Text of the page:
Life would be a lot easier and better here if you could configure Grub2 to load your real grub.cfg from your (non-EFI) /boot. You could use software RAID, LVM, and any filesystem normally supported by Grub2. People with mirrored system disks would still have all of the good stuff that you get with them in a non-EFI configuration (although every so often you'd need to remember to update the stuff in your EFI system partition on the second disk).

My guess is that the easiest way to add this to Grub2 would be to give Grub2 some way of including additional files in grub.cfg. With this, you'd still have a stub grub.cfg in the EFI system partition (which Grub2 could load with UEFI services just like today), and this stub would specify everything else. It would know the UUID of the filesystem with your /boot in it and also what additional RAID or LVM UUIDs it needed to look for and start in order to find it, just as a non-EFI Grub2 knows those details today (cf), but these wouldn't change very often so your EFI system partition grub.cfg would stay mostly unchanging.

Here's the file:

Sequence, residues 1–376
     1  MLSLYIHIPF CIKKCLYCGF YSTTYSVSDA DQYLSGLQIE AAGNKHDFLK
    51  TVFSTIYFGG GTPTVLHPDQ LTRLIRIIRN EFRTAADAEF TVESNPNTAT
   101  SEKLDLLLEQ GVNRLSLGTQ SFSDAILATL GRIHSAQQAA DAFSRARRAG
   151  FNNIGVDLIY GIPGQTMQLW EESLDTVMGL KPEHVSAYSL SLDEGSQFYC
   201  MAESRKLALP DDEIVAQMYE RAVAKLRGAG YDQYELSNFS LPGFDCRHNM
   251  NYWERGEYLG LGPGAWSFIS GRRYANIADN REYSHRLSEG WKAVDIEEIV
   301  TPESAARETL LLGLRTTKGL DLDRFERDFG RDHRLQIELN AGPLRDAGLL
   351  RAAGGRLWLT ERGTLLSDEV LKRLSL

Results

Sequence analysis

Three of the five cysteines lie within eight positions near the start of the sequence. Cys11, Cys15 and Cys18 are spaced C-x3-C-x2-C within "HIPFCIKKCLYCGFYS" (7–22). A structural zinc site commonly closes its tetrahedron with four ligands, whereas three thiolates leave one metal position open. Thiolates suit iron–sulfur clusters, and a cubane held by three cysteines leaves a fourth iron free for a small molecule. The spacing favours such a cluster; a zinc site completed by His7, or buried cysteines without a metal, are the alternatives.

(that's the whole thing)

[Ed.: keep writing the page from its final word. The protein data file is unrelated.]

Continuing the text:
Of course this Grub2 configuration choice isn't important unless you have mirrored system disks. If your system disk is unmirrored, an unmirrored EFI system partition creates no additional problems and the current UEFI Grub2 design is fine. Since this probably describes most systems using UEFI today, I don't expect UEFI Grub2 to change any time soon. Probably it will only start to change when servers become UEFI-only and people running them discover that their mirrored, redundant system disks actually aren't any more because of this.

Grub2UEFIBigMistake written at 03:07:46; Add Comment


Power consumption numbers for my 2018 home and work machines